Pascha – Christ is Risen!

Christ is Risen
Let God arise, let his enemies be scattered; let those who hate him flee from before his face!

Christ is risen from the dead, trampling down death by death, and upon those in the tombs bestowing life.

This is the day which the Lord has made, let us rejoice and be glad in it!

It is the day of resurrection ! Let us be illumined for the feast! Pascha! The Pascha of the Lord! From death unto life, and from earth unto heaven has Christ our God led us! Singing the song of victory: Christ is risen from the dead! (First Ode of the Easter Canon)

Pascha (Greek: Πάσχα), also called Easter, is the feast of the Resurrection of the Lord. Pascha is a transliteration of the Greek word, which is itself a transliteration of the Hebrew pesach, both words meaning Passover.

A little before midnight on the Blessed Sabbath the Nocturne service is chanted. The celebrant goes to the tomb and removes the winding-sheet. He carries it through the royal doors and places it on the altar table where it remains for forty days until the day of Ascension.

At midnight the Easter procession begins. The people leave the church building singing: The angels in heaven, 0 Christ our Savior, sing of Thy resurrection. Make us on earth also worthy to hymn Thee with a pure heart.

The procession circles the church building and returns to the closed doors of the front of the church. This procession of the Christians on Easter night recalls the original baptismal procession from the darkness and death of this world to the night and the life of the Kingdom of God. It is the procession of the holy passover, from death unto life, from earth unto heaven, from this age to the age to come which will never end. Before the closed doors of the church building, the resurrection of Christ is announced. Sometimes the Gospel is read which tells of the empty tomb. The celebrant intones the blessing to the “holy, consubstantial, life-creating and undivided Trinity.” The Easter troparion is sung for the first time, together with the verses of Psalm 68 which will begin all of the Church services during the Easter season.

Let God arise, let his enemies be scattered; let those who hate him flee from before his face!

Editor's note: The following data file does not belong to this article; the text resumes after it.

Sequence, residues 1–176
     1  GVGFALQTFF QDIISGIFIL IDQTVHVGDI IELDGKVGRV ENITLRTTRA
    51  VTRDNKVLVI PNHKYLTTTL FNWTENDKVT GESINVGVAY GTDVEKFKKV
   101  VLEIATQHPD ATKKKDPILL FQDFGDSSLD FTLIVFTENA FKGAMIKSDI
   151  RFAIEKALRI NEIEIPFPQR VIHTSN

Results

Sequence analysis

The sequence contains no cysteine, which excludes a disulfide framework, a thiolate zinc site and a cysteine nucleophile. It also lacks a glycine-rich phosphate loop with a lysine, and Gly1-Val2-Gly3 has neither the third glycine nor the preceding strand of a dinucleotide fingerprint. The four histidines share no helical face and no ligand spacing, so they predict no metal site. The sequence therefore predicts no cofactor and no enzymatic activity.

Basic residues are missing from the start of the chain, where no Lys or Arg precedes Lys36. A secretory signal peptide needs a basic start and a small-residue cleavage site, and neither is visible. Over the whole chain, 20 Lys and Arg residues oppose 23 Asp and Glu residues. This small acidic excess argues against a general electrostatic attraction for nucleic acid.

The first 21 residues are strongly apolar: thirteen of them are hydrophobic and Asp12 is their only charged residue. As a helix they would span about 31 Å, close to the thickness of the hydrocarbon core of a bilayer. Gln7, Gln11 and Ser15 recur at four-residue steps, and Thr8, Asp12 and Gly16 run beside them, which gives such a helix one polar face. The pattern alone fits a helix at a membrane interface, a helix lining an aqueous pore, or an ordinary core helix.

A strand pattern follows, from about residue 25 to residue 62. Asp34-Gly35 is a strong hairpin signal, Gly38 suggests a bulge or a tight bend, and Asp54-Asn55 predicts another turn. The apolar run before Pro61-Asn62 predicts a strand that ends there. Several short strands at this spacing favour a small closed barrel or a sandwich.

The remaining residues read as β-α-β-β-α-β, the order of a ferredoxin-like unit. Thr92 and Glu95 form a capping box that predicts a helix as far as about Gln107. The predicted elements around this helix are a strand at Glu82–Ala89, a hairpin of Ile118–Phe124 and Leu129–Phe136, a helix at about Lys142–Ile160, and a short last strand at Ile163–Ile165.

Christ is risen from the dead, trampling down death by death, and upon those in the tombs bestowing life. (Troparion)

This is the day which the Lord has made, let us rejoice and be glad in it!

The people re-enter the church building and continue the service of Easter Matins which is entirely sung.

The canon hymns of Christ’s resurrection. ascribed to St John of Damascus, are chanted with the troparion of the feast as the constantly recurring refrain. The building is decorated with flowers and lights. The vestments are the bright robes of the resurrection. The Easter icon stands in the center of the church showing Christ destroying the gates of hell and freeing Adam and Eve from the captivity of death. It is the image of the Victor “trampling down death by his own death.” There is the continual singing and censing of the icons and the people, with the constant proclamation of the celebrant: Christ is risen! The faithful continually respond: Indeed he is risen!

It is the day of resurrection ! Let us be illumined for the feast! Pascha! The Pascha of the Lord! From death unto life, and from earth unto heaven has Christ our God led us! Singing the song of victory: Christ is risen from the dead! (First Ode of the Easter Canon)

Following the canon, the paschal verses are sung, and at the conclusion of the Easter Matins, the Easter Hours are also sung. In general, nothing is simply read in the Church services of Easter: everything is fully sung with the joyful melodies of the feast.

At the end of the Hours, before the Divine Liturgy, the celebrant solemnly proclaims the famous Paschal Sermon of St. John Chrysostom. This sermon is an invitation to all of the faithful to forget their sins and to join fully in the feast of the resurrection of Christ. Taken literally, the sermon is the formal invitation offered to all members of the Church to come and to receive Holy Communion, partaking of Christ, the Passover Lamb, whose table is now being set in the midst of the Church. In some parishes the sermon is literally obeyed, and all of the faithful receive the eucharistic gifts of the Passover Supper of Easter night.

The Easter Divine Liturgy begins immediately with the singing once more of the festal troparion with the verses of Psalm 68. Special psalm verses also comprise the antiphons of the liturgy, through which the faithful praise and glorify the salvation of God:

Make a joyful noise to the Lord, all the earth! Sing of his name, give glory to his praise.

Let all the earth worship Thee and praise Thee! Let it praise Thy name, 0 most High!

That we may know Thy way upon the earth and Thy salvation among all nations.

Let the people thank Thee, O God! Let all the people give thanks to Thee.

More on the Holy Pashca services available here.